The oil market’s attention is focused overwhelmingly on figuring out which OPEC member is going to cut what. The bigger question it shouldn’t lose sight of is this: Who will replace China?
Looking back over 50 years, oil demand has gone through three broad phases: pre-1970s industrialization in the OECD countries, retrenchment after the oil shocks, and then renewed growth through 2015. If the International Energy Agency’s latest long-range forecasts are right, then we stand on the edge of another slowdown in demand growth — a big one.
Beneath those headline numbers, though, leadership in global oil-demand growth has been passed around like an Olympic torch. Here, we’ve broken down average demand growth in each decade by region:
Until the early years of the 21st century, the OECD ruled the roost, even during the post-oil-shock squeeze. In the years before the 1980s, this reflected broad-based economic growth in the U.S., Western Europe and Japan. The resurgence of the 1990s was more lopsided, owing much to North America’s SUV boom.
All that flipped on its head after 2005. The decade just ended was all about China. Directly, it accounted for almost 40 percent of the growth in oil demand. Indirectly, the high oil prices this spawned jolted the economies of exporting regions such as the Middle East. Even the countries of the former Soviet Union were flipped back to increased oil demand after years of decline.
Looking at the IEA’s forecast, though, the OECD’s drag on global oil demand growth looks set to deepen: At 4.2 million barrels a day, the projected decline in the decade through 2025 almost offsets the 4.5 million-barrel-a-day increase in average Chinese demand over the past decade.
Looking back to what happened in the decade ending in 1985, it makes sense that demand growth should slow sharply after the price spikes of recent years. This time, however, a mixture of efficiency gains, penetration of electric vehicles, and slower economic growth due to unfavorable demographic trends mean a 1990s rebound in OECD oil demand isn’t in the cards.
China remains the biggest single source of demand growth, but at a much slower pace compared to the supercycle of the past decade. The burden of supporting higher demand thus begins to pass to India, along with a coalition made up of other industrializing bits of Asia and continued growth in the Middle East. Africa is also expected to play its part, although the “Rest of World” part of the charts above isn’t straightforward: A big chunk of the projected growth from 2015 onward refers to international shipping and jet demand, rather than specific regions, due to how the IEA segments its forecasts.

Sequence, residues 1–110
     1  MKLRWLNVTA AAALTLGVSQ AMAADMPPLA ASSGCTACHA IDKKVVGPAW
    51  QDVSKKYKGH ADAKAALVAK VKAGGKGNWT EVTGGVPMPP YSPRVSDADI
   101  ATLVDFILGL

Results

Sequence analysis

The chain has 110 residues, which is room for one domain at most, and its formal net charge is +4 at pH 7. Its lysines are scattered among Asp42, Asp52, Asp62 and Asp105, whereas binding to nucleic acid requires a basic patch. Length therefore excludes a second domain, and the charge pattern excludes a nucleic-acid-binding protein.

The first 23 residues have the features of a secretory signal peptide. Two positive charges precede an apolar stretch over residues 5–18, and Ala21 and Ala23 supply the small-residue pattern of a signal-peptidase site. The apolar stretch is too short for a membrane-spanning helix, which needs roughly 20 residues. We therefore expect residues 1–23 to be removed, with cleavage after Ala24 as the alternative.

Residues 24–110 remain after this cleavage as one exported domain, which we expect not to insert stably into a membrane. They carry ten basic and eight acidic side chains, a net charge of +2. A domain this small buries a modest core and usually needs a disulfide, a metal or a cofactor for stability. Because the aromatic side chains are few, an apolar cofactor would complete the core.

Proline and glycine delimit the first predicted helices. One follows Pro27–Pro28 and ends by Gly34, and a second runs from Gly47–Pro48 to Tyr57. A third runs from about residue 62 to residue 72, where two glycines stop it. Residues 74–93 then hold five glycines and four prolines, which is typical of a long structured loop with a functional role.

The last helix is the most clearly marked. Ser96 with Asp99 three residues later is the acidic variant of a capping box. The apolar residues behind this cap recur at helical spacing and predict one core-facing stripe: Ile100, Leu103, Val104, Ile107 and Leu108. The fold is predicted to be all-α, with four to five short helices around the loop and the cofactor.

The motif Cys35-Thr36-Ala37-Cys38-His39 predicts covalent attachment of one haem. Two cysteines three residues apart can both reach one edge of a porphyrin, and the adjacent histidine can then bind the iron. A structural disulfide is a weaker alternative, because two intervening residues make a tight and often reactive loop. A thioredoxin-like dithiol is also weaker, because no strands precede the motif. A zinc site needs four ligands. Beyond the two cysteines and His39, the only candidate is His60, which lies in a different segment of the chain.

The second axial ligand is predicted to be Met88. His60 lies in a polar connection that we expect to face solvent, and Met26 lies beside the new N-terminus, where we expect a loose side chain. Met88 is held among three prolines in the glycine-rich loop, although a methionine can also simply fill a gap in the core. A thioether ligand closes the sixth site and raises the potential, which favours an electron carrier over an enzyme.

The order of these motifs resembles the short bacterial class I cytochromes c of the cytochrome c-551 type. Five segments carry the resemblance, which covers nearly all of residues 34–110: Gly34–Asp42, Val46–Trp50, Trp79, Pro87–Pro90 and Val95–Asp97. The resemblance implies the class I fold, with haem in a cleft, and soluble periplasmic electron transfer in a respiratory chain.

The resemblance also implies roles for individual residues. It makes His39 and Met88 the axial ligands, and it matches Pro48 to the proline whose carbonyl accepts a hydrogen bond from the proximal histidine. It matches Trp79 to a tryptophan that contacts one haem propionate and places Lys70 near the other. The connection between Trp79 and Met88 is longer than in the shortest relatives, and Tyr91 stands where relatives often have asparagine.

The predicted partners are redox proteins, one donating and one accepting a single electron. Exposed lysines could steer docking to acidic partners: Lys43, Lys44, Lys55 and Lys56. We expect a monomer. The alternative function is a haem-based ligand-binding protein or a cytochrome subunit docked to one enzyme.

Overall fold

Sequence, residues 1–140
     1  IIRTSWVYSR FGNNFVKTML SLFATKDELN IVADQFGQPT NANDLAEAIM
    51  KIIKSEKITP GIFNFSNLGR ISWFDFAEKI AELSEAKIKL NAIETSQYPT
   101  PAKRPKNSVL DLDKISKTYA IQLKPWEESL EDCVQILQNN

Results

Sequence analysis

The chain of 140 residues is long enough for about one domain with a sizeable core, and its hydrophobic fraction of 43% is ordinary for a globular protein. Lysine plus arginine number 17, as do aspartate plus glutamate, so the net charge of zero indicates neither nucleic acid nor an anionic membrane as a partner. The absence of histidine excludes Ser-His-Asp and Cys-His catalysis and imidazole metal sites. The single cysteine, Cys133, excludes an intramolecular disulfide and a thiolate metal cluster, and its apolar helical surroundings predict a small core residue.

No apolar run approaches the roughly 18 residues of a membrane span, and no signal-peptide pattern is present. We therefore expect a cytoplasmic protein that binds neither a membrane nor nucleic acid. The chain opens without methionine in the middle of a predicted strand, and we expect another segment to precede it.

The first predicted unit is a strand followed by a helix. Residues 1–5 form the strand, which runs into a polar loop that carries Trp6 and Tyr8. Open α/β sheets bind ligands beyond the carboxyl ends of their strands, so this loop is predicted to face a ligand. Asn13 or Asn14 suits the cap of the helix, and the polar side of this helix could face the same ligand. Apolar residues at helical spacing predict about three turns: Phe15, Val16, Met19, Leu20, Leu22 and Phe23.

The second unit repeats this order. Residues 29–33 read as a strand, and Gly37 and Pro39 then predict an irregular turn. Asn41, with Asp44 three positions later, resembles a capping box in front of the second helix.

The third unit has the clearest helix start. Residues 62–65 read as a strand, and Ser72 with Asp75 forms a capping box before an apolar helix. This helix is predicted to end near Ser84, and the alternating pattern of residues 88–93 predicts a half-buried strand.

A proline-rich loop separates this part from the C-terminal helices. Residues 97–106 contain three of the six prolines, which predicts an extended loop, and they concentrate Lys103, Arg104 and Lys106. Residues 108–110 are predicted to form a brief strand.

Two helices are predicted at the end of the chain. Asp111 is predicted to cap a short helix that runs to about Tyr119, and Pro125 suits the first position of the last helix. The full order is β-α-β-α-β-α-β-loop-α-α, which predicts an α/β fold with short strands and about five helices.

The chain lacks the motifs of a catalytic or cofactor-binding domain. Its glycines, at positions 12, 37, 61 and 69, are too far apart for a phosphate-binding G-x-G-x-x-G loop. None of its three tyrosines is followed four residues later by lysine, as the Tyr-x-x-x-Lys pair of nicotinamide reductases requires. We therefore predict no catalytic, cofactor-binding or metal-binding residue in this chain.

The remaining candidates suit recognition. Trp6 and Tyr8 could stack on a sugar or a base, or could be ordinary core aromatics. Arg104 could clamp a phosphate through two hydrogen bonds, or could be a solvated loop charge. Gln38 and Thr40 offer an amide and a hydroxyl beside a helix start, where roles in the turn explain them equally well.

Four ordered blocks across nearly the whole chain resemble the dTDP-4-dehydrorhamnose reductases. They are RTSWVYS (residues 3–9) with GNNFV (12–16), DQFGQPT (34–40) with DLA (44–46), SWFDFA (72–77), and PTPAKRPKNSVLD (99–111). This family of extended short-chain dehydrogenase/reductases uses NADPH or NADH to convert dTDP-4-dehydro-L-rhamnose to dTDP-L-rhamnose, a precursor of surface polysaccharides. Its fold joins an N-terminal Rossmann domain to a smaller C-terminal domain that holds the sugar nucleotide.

This is a more diffuse picture than in previous decades; the torch passes to many hands rather than one clear leader. What unites them all, though, is that they are emerging economies more dependent on global trade — for which the signs were not favorable even before the election of a U.S. president who is, rhetorically anyway, not averse to risking a trade war with China. Middle Eastern oil-demand growth, meanwhile, is tied heavily to global oil-demand growth.
Leaving the economic risks aside, oil bulls should note some other consequences of oil demand shifting eastward. In a report published earlier this year by Trusted Sources, an emerging-markets research firm based in London, analyst Kingsmill Bond pointed out that energy-demand growth in general is now centered on parts of the world that have good reasons not to necessarily retread the West’s path but seek a bigger role for renewable energy and electric vehicles.
One reason for this is pollution, with Indian cities in particular featuring prominently at the top of global rankings of lung-busting urban sprawls.
Another is geopolitics: A recurring feature of the past 50 years has been America’s swings between anxiety and exultation around the nebulous concept of energy independence. Reliance on oil imports, in particular, has been viewed as an Achilles heel, and shale resources have been hailed by many as a strategic advantage, not merely a source of energy.
Having peaked at 60 percent of oil consumption in 2005, U.S. imports accounted for just 24 percent of total consumption last year (weaker demand also played a role). China and India, on the other hand, are projected to become way more dependent on the kindness of (oil-producing) strangers than the U.S. ever was:
Beijing and New Delhi may be just fine with deeper involvement in a fractious Middle East, including the expense of building navies to protect far-flung sea lanes and all the other stuff the U.S. has done to keep oil flowing since World War II. Here’s guessing, though, that the future won’t simply repeat the past.